I love my job, and I’m very empathetic. But what [that] allows me to do is really shift my mindset and way of thinking into the shoes of people using the products that I’m designing for. If I can think what they’re thinking and feel what they’re feeling, I can design the best experiences for them, so I guess that’s a superpower of mine. It really allows me to create super-tailored personal, human-focused design experiences for people.”

Q: TEDx Odyssey is about a voyage of overcoming obstacles and finding one’s purpose in the world. What are a few obstacles you’ve encountered in your life, and what are strategies you’ve used to overcome them?

A: “That’s the theme of my whole talk honestly — the title is ‘Embracing the Unknown’ — and [it’s a huge] portion of it. A huge theme is embracing discomfort, because that was really the theme throughout my whole story, looking back on it. I came from no creative background at all whatsoever. I thought I was the least creative person on planet Earth.

And then like I discovered this talent that I had, this creative talent, really late in my life. I think having courage was a huge factor in propelling me forward and getting me to where I am and letting myself be OK being uncomfortable, and knowing that that will ultimately promote my growth. So jumping deep into unknown situations and being OK with that, being OK with being uncomfortable and having the courage to pursue these unknown sort of scary opportunities, was, I think, my strategy throughout it, like keeping my eye on the prize and like never losing sight of who I am and the skills I wanted to use and, despite not having answers to everything, just trusting the process, trusting that I would find my way and putting the work in — I think was like recipe for how I got to where I got.”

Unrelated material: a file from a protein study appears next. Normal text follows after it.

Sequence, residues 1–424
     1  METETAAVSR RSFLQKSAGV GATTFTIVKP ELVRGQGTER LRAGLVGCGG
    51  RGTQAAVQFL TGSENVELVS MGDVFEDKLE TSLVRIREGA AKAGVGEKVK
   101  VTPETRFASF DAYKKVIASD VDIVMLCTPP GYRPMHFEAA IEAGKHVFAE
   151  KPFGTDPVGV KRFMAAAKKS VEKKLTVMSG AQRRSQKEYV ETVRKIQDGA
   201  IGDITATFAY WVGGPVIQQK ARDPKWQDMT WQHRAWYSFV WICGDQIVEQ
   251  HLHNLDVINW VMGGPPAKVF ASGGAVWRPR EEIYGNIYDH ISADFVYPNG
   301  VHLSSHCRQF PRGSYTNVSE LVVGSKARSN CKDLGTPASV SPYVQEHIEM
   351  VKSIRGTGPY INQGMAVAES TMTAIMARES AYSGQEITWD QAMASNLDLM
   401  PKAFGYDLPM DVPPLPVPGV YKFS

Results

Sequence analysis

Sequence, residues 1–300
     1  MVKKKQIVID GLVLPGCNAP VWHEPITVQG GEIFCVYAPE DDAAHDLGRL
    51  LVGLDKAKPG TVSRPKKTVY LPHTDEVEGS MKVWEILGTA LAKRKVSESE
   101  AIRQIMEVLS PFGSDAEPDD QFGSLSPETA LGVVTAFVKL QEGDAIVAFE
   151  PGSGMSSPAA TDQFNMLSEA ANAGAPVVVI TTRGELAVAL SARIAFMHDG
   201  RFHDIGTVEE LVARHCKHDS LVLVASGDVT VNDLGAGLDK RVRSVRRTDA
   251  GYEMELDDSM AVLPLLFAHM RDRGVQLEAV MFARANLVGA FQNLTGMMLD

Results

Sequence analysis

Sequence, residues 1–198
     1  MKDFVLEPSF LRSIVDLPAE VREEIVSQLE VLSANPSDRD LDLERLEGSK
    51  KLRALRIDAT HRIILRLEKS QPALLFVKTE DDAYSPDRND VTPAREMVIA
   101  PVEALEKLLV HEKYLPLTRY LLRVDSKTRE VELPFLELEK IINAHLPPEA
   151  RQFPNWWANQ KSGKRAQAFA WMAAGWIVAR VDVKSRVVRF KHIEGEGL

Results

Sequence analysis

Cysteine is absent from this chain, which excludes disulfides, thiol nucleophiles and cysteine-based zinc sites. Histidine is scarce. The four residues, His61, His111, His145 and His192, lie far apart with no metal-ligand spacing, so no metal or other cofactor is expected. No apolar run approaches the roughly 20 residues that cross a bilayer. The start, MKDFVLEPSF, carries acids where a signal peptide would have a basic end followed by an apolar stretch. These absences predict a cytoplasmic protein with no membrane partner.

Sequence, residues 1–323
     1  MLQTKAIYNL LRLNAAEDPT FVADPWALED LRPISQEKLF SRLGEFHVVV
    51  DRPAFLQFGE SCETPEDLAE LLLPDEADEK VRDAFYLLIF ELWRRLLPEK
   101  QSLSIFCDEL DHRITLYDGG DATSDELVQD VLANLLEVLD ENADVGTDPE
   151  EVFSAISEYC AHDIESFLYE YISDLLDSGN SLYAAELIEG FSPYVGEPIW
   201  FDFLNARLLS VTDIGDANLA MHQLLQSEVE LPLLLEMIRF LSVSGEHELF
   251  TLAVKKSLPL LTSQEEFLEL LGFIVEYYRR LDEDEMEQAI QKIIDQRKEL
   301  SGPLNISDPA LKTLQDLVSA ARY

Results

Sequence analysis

Q: What advice do you have for current students?

A: “I think something that sort of set me apart and allowed me to get into the spaces I got into was being different and being creative. That’s something I really strive to do is to — to be different, think different [and] showcase your different skills.

I got into the UX design field with no UX experience or work to show for, which is unheard of, but I was able to be creative in my approach and how I got into the industry, [which] caught the attention of hiring managers. I encourage people to think outside the box in how they present themselves, and how they show work and how they communicate.

Fine-tune and develop the skills as much as you can, [and] do as much learning as you can. I really took a lot of time to brush up on skills before entering the workforce, [so] you can get going with as little learning curve as possible.

Don’t give up [and] just keep going. People will fail [and] you will fail — it’s expected, it’s normal, it’s healthy. Just don’t be discouraged if you get no’s, told no, rejections [or] the job [applications] don’t come through. The right job will come up. Work hard, be creative, think differently and brush up on the skills and learn.”